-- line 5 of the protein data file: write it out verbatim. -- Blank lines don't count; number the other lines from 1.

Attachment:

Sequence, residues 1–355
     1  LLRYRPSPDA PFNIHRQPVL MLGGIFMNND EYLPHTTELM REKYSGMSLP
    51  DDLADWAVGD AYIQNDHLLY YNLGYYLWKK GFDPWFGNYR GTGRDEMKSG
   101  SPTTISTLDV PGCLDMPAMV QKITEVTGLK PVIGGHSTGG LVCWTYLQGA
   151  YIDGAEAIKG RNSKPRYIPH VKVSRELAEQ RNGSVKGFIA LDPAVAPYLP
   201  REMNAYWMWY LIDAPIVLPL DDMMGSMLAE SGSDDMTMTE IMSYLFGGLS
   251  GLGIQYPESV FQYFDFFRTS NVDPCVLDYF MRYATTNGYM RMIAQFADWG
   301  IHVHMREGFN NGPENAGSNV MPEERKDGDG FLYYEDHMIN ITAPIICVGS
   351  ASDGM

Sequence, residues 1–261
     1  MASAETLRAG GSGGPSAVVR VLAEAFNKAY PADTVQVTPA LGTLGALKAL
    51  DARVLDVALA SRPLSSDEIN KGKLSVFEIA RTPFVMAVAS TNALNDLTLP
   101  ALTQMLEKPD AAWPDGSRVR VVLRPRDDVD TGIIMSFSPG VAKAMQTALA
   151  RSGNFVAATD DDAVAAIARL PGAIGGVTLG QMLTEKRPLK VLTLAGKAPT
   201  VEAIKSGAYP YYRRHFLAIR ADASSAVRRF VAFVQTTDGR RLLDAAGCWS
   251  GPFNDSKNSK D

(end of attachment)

   151  YIDGAEAIKG RNSKPRYIPH VKVSRELAEQ RNGSVKGFIA LDPAVAPYLP